Bypassed Mark Messier leaves Rangers
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Mark Messier's No. 11 hangs in the rafters at Madison Square Garden, but The Captain no longer is part of the Rangers' organization.
Two weeks after he was passed over for the head-coaching job, Messier resigned his post as special assistant to president and general manager Glen Sather after four years to help develop the Kingsbridge National Ice Center, a $275-million project in the Bronx.
Sather said Thursday that he thought his selection of the far more experienced Alain Vigneault rather than the Hall of Famer played a role in Messier's resignation.
"I think that's part of his decision," Sather said after a meeting of the NHL's Board of Governors. "But we all have to live our own lives the way we decide to do it."
Messier, 52, denied that the choice of Vigneault was the reason for his departure.
"Although some will perceive this as a reaction to the coaching decision, nothing could be further from the truth," Messier said in a statement. "I completely respect the decision that was made and for all the reasons it was made. I harbor no hard feelings toward Glen or the Rangers. This is a personal choice I am making to create a program in the New York area that will give our children more choices and opportunities in the future. I wish the Rangers nothing but the best in the future."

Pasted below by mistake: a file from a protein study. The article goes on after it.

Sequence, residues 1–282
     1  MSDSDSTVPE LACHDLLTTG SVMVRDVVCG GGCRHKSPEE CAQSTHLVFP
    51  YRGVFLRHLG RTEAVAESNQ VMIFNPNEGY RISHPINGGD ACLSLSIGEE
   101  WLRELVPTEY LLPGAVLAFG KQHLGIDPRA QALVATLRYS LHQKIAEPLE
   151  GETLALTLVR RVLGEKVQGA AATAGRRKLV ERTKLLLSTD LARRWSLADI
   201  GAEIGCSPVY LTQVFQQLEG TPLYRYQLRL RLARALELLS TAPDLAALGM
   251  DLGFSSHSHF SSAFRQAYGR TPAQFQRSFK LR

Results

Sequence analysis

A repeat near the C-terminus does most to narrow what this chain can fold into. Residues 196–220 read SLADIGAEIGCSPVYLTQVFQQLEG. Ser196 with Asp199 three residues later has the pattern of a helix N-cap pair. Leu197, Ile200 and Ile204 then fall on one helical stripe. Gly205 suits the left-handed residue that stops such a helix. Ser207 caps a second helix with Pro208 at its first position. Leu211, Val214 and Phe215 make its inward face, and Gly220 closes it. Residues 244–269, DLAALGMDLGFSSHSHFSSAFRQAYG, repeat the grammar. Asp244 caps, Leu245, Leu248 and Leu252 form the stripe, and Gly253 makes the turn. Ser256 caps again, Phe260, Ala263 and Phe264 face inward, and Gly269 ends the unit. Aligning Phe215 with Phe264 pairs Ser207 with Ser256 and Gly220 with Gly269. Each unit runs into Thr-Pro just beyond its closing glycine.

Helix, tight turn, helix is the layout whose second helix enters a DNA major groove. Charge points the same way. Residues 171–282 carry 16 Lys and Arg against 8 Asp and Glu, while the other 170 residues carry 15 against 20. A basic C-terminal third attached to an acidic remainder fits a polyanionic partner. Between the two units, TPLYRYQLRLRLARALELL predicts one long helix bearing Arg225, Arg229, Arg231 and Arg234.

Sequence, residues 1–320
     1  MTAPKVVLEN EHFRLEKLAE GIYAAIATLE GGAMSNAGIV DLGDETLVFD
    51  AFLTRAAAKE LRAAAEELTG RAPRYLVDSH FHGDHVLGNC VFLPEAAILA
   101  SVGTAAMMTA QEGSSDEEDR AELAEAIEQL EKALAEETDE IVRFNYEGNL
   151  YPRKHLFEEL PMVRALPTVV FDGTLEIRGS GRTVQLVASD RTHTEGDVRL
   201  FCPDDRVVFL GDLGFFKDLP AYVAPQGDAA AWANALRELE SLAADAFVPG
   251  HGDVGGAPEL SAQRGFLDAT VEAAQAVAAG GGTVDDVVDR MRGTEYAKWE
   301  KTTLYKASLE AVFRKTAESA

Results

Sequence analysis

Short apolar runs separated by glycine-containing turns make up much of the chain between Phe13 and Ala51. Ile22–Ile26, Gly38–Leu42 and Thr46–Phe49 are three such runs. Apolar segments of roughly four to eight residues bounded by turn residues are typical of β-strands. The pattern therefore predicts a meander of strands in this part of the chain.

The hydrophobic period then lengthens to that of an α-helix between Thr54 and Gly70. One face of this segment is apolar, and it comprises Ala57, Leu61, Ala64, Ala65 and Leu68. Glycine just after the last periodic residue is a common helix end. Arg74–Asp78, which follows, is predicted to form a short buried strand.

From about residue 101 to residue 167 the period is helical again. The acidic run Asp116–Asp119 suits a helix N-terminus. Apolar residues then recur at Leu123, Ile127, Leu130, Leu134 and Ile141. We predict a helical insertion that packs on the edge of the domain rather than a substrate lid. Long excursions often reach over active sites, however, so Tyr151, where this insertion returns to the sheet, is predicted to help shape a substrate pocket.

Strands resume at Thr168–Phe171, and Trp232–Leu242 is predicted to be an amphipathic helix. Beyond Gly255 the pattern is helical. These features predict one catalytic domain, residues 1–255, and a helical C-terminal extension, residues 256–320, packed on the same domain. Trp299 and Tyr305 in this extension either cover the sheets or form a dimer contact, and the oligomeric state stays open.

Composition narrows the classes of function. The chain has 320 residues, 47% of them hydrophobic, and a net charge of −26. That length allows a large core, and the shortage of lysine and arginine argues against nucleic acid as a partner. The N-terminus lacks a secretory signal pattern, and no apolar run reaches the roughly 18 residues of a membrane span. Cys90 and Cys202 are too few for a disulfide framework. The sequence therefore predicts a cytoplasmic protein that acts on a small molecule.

Sather, who interviewed four candidates on the phone and two -- Messier and Vigneault -- in person, has said that Messier was disappointed in the decision.
"He's decided to do something else in his life," said Sather, who played hockey with Messier's father and has known Mark since he was a youngster. "He'll be doing what he wants to do best, which is being involved in business. We parted on good terms. If Mark decides to be a coach, he'll be great at it. He just needs to get a little time behind the bench."
Messier has six Stanley Cup rings and led the Rangers to the Cup in 1993-94, but his coaching experience is limited to two international tournaments.
Two years ago, Messier discussed a coaching job in Edmonton, where he spent the first part of his record-setting career. But he and his family wanted to stay in New York.
It seemed clear that Messier would not be part of Vigneault's staff when the new head coach declared last Friday that he wants assistant coaches with NHL experience. He might add former Canucks assistant Newell Brown and former head coach Scott Arneil to his staff.
"Mark is an icon in the NHL, and if he ever wants to return, I'm sure plenty of clubs will want him," said former Red Wing and Ranger Brendan Shanahan, who is the NHL's senior vice president of player safety and hockey operations.
Notes & quotes: A decision on whether to use a compliance buyout on the remainder of center Brad Richards' contract -- which must be done before July 4 -- is coming "shortly," Sather said. If executed, it would cost $24 million but would remove Richards' $6.7- million annual cap hit for the next seven years . . . Face-to-face negotiations with Henrik Lundqvist's agent, Don Meehan, on a long-term contract extension were expected to begin Thursday night, Sather said.
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